May 29, 2013
May 30, 2013 – As Chevron* wraps up its most expensive year of political spending to date, its shareholders are challenging whether this spending generated any value for them. Green Century Capital Management filed a shareholder resolution urging the company to refrain entirely from political spending, arguing that doing so would protect against risks to shareholder value. The resolution was filed in light of Chevron’s unprecedented $2.5 million contribution in the 2012 election.
“Chevron has not been able or willing to demonstrate that its use of company funds generates any value to shareholders,” stated Leslie Samuelrich, Senior Vice President, Green Century Capital Management. “During a time when public opinion for corporate involvement in politics is plummeting, shareholders are also concerned about the reputational and business risks that may be associated with Chevron’s highly visible involvement in politics.”
Corporate spending to influence elections is deeply unpopular with the majority of Americans across party lines. According to a 2012 poll by the Associated Press and the National Constitution Center, more than 8 in 10 Americans support limits on the amount of money given to groups trying to influence U.S. elections, with 85% support among Democrats, 81% among Republicans, and 78% among independents.
Chevron’s contribution received significant media coverage, as the $2.5 million donation was the largest single corporate donation since the Citizens United Supreme Court ruling. This donation prompted the shareholder proposal and highlighted a trend of increased spending in politics by the company: Chevron reported spending at least $3.9 million in the 2012 election, up from $965,000 in the 2010 election cycle, and $1.1 million in the 2008election cycle.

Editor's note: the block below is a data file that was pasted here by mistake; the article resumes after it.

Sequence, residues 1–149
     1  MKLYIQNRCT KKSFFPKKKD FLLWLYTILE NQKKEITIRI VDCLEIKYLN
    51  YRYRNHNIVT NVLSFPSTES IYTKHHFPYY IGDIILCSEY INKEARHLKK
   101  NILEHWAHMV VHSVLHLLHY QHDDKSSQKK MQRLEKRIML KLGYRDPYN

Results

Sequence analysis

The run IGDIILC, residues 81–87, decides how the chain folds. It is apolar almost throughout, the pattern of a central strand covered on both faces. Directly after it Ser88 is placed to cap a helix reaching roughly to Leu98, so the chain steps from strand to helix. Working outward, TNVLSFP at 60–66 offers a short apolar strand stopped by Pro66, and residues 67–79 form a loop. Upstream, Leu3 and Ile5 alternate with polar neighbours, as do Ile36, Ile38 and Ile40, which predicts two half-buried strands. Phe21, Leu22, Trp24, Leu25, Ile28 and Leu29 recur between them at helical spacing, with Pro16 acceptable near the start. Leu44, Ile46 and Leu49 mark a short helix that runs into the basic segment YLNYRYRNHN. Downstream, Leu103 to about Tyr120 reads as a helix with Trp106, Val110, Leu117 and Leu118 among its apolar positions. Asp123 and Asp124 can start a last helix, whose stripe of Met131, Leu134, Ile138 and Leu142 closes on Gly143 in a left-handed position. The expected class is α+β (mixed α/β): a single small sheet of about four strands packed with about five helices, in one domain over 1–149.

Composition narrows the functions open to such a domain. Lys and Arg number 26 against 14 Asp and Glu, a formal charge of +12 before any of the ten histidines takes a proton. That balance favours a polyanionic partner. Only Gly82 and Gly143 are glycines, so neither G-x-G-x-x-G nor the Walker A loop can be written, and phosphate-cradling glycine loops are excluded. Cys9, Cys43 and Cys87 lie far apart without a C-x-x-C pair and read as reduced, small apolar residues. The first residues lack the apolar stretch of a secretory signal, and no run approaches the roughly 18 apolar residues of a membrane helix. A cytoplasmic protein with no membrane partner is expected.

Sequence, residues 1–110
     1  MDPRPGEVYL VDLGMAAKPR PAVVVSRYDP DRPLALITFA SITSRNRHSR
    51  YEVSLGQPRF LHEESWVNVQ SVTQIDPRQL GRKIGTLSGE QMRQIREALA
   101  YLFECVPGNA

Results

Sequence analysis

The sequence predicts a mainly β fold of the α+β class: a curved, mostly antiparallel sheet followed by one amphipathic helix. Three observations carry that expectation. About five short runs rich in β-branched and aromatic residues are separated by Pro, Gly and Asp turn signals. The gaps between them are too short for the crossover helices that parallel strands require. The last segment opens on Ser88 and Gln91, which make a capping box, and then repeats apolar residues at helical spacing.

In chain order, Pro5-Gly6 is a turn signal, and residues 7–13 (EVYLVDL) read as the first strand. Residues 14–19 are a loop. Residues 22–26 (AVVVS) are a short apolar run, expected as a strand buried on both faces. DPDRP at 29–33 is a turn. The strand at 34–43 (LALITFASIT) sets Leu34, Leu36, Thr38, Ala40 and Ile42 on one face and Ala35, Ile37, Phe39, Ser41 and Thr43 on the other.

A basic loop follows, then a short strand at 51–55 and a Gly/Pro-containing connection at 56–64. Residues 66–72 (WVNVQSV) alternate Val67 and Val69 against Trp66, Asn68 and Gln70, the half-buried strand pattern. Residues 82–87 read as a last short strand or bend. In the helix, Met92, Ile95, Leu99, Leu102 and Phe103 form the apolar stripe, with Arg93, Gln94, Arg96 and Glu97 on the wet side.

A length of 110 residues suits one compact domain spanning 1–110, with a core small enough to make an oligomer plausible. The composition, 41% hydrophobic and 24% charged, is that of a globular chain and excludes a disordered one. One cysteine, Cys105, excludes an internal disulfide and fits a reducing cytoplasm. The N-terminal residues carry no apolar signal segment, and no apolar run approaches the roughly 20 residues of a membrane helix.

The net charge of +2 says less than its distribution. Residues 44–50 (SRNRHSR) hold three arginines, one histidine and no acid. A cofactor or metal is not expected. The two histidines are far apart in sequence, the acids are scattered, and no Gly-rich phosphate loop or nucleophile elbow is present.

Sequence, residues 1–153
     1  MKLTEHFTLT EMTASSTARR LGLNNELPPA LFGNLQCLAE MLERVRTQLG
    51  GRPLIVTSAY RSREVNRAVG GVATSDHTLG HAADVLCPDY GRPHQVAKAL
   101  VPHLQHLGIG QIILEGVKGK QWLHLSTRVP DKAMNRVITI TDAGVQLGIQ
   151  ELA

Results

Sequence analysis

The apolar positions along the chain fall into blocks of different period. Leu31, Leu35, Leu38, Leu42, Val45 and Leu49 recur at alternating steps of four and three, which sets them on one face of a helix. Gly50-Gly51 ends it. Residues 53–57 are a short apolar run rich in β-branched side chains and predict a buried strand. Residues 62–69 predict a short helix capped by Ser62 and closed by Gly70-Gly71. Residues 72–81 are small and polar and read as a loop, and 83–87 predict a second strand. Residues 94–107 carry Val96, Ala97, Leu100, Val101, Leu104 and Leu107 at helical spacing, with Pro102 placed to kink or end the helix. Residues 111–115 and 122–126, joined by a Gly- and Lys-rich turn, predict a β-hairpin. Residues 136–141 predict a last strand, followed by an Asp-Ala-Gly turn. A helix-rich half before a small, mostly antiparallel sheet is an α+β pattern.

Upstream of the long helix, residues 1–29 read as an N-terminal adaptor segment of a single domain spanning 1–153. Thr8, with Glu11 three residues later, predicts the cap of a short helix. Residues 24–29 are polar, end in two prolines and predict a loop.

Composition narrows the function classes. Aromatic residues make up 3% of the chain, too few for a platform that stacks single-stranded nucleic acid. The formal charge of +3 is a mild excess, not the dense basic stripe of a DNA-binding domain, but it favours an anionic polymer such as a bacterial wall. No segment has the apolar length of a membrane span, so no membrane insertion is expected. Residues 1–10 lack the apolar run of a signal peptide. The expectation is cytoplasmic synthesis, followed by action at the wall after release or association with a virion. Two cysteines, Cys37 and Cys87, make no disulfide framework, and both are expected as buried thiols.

“Unlimited, corporate, and secret money continues to undermine the principle of ‘one person, one vote’ at every step of the electoral process, including at the ballot box through unfounded voter suppression,” commented Democracy Advocate for U.S. PIRG Blair Bowie in a Huffington Post article. “This is why it’s more important than ever that Americans use the power of our votes to push back and make our voices heard.”
In light of the record spending levels in the 2012 elections, several academic studies have recently suggested that political spending represents a diversion of resources that may not, in fact, generate value to shareholders. Some reasons cited for these findings include the poor corporate governance policies in place to ensure that these measures align with the long-term interest of the company. Specifically, shareholders have limited power to monitor this use of company funds. Green Century notes the weak measures Chevron has in place to ensure the company’s spending on politics is accountable and transparent to shareholders. As evidence for this, Green Century cites Chevron’s score of 49/100 in the 2012 CPA-Zicklin Index, a collaboration between the Center for Political Accountability and Wharton’s Zicklin Center to score S&P 100 companies on 25 indicators related to political spending disclosure, policies, compliance, and oversight.
Similar proposals have been filed this year at ExxonMobil,* 3M,* EQT,* and Bank of America.*
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